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Connecting with Nature in a Wild Urban Garden: Quantum Physics and the Amazingness of the Ordinary

I have found that there is immense joy to be had in connecting with the inhabitants of my little urban wildlife haven. Most days there isn’t anything rare or exotic to look at. Much of it may seem mundane or commonplace – sparrows, blackbirds, mice, insects – but when you’re intimately immersed over a period you notice all kinds of subtle stuff going on.

Right now  I’m sitting in the garden, just quietly observing; it becomes a kind of meditation. For a while it seems like nothing is happening; but in fact there is never nothing happening, at any time of year and any time of day. It might be slow, it might be subtle, but something will be going on. There’ll be an animal or a bird or an insect doing something, or a new plant that you hadn’t noticed before. And there’ll be sound; the longer you listen the more layers of sound you realise are there. The intricate web of nature is always there and is always amazing in its workings. As Eckhart Tolle says, “Nature can bring you to stillness; that is its gift to you.”?

This challenges me to evaluate my notions of what is significant and worthy of attention and what isn’t. I realise more and more that the everyday and the mundane are in fact extraordinary: there’s amazingness in the commonplace. The seemingly prosaic or unglamorous species like the sparrow or the earthworm or the dandelion can reveal itself as charismatic when we give it our full attention. It makes you question the whole concept of what is conventionally appealing or charismatic, which surely is no bad thing in this tyrannical age of stereotypical celebrity-based allure. And of course it applies equally to the human species; haven’t you noticed how the most seemingly prosaic individual can become fascinating when you’re delved into who they really are and what really makes them tick?

As you tune into the life of the wild garden, there’s stuff you can see and hear and there’s also stuff that you can’t see or hear but you know is there at a miniscule level.  There’s a continuum, an infinite depth of detail: awareness grows of ever deepening levels of interconnectedness of which  this little garden is part, of which you are part.  And your interconnexion with all elements of the garden is a microcosm of your place on the planet and in the universe. Quantum physics shows us that our idea of being separate from everything else is a sheer physical illusion; our being does not end at our skin, and our bodies are not even solid: they’re bundles of microscopic particles that are constantly interacting with the rest of the universe.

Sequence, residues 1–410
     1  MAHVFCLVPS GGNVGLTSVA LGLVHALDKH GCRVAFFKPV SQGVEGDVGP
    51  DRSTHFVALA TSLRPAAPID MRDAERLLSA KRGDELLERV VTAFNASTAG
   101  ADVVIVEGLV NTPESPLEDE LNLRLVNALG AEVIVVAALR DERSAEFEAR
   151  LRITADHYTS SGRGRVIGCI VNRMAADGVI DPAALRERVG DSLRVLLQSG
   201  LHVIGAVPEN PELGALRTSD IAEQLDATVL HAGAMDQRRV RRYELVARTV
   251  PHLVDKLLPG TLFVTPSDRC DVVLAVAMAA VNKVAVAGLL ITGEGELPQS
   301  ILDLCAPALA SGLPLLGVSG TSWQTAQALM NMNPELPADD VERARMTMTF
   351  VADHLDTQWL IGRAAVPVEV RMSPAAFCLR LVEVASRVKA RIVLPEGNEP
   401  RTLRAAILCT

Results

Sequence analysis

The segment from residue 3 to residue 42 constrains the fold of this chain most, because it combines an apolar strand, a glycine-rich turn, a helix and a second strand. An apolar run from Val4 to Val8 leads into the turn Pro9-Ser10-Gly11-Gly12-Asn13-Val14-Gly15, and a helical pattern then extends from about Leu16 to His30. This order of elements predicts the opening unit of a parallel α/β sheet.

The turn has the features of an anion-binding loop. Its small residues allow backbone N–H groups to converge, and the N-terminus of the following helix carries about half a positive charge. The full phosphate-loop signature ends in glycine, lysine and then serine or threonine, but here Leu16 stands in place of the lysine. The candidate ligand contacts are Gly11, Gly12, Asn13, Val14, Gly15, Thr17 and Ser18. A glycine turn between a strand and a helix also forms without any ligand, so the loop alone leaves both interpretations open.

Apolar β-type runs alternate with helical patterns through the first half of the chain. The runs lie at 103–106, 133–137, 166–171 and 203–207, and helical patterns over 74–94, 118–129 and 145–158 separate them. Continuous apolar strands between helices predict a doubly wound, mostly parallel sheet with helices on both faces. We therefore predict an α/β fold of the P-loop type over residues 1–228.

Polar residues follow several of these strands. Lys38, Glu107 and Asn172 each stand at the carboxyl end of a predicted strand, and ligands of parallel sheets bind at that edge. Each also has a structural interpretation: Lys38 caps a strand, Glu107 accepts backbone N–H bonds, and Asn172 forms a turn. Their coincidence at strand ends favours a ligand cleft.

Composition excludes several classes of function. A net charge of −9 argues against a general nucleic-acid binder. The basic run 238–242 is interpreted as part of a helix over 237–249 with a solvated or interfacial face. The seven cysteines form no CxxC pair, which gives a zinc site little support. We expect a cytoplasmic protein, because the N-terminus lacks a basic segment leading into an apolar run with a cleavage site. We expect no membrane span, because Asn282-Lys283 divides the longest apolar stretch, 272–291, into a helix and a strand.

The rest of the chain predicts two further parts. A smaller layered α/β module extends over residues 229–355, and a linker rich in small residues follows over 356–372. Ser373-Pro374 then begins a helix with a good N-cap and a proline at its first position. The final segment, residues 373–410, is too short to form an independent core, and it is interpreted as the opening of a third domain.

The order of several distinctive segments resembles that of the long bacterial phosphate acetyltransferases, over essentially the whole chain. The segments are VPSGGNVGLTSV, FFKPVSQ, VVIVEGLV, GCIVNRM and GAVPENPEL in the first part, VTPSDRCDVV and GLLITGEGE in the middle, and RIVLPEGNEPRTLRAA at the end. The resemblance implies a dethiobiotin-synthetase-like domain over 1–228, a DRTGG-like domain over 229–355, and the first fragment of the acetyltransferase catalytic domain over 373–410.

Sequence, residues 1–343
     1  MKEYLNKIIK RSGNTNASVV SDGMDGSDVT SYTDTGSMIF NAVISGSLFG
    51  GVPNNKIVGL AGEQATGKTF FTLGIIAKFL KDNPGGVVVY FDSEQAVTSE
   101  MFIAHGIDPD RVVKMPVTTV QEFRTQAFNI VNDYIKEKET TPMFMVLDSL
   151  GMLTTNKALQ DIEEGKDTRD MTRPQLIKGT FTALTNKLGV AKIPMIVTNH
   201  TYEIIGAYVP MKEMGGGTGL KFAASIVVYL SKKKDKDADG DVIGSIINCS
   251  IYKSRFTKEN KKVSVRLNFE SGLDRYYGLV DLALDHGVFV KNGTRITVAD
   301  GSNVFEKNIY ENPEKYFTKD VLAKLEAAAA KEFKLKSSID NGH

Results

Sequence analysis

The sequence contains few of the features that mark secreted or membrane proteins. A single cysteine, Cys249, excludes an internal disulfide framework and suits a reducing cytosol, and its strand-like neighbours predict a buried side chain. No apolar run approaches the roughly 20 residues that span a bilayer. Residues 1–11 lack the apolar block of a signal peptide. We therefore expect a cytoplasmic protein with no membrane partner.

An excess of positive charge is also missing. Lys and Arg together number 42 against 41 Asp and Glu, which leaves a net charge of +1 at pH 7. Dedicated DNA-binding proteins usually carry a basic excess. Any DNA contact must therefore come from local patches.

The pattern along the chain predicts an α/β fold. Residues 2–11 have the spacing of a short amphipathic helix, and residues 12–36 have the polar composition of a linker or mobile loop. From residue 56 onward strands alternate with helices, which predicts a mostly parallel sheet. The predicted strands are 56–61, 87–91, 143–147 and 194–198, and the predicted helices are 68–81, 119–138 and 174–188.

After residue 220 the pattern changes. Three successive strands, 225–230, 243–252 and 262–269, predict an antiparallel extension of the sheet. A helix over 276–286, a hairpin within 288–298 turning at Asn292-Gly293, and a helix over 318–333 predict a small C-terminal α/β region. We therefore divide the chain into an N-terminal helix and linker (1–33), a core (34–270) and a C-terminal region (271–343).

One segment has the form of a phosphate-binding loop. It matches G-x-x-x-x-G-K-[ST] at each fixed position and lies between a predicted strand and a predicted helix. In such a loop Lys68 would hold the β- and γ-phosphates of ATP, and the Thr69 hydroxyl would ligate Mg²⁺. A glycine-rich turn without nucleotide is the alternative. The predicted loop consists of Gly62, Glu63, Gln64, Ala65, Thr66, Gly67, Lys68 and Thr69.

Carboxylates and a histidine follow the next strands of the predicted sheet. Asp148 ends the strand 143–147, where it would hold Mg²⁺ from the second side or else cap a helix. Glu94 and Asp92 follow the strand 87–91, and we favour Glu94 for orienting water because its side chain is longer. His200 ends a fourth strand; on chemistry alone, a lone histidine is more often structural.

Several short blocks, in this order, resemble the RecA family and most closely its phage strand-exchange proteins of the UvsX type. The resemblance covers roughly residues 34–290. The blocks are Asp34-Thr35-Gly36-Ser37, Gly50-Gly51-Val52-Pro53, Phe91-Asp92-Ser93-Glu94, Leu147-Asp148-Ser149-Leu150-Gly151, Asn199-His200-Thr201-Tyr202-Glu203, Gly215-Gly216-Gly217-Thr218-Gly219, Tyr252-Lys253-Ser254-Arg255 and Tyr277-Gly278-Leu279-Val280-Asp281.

Connecting everyday with wildlife in the garden – even in the city – takes us to an ancient way of being that is  deeply embedded within us: immersion in and integration with our wild natural environment. On the clock which times our evolution from creatures which crawled out of the primordial soup  to where we are now, our modern detached-from-nature way of living in houses and cities would represent a fraction of a second before midnight. This is why nature writing has had such a resurgence in recent years. Interest in nature and wildness is not some exotic hobby: it’s at our deepest level of being. It’s where we’re coming from, and where we belong, and where we still need to be able to be at times in order to be whole. That’s why, I believe,  having a wildlife garden can provide such profound and diverse benefits to all aspects of our wellbeing: physical, mental, emotional, spiritual and social.

Realising the importance of this interconnectedness, it’s beginning to dawn on some of us that humanity’s wellbeing and future depends on the fate of all the plant and animal species on the planet, down to the tiniest speck of life. We need to develop what nature writer Mark Cocker calls “a reawakened reverence for life beyond our own species” – and a surge in wildlife gardening could really help with that playing an important part in the effort to reverse humankind’s habit of ecological destruction.

 

Back in the garden, sensing this profound connexion, for  this moment of time I suddenly feel a transcendent momentary sense that nothing could be changed to make anything any better. This is the Tao of wildlife gardening.

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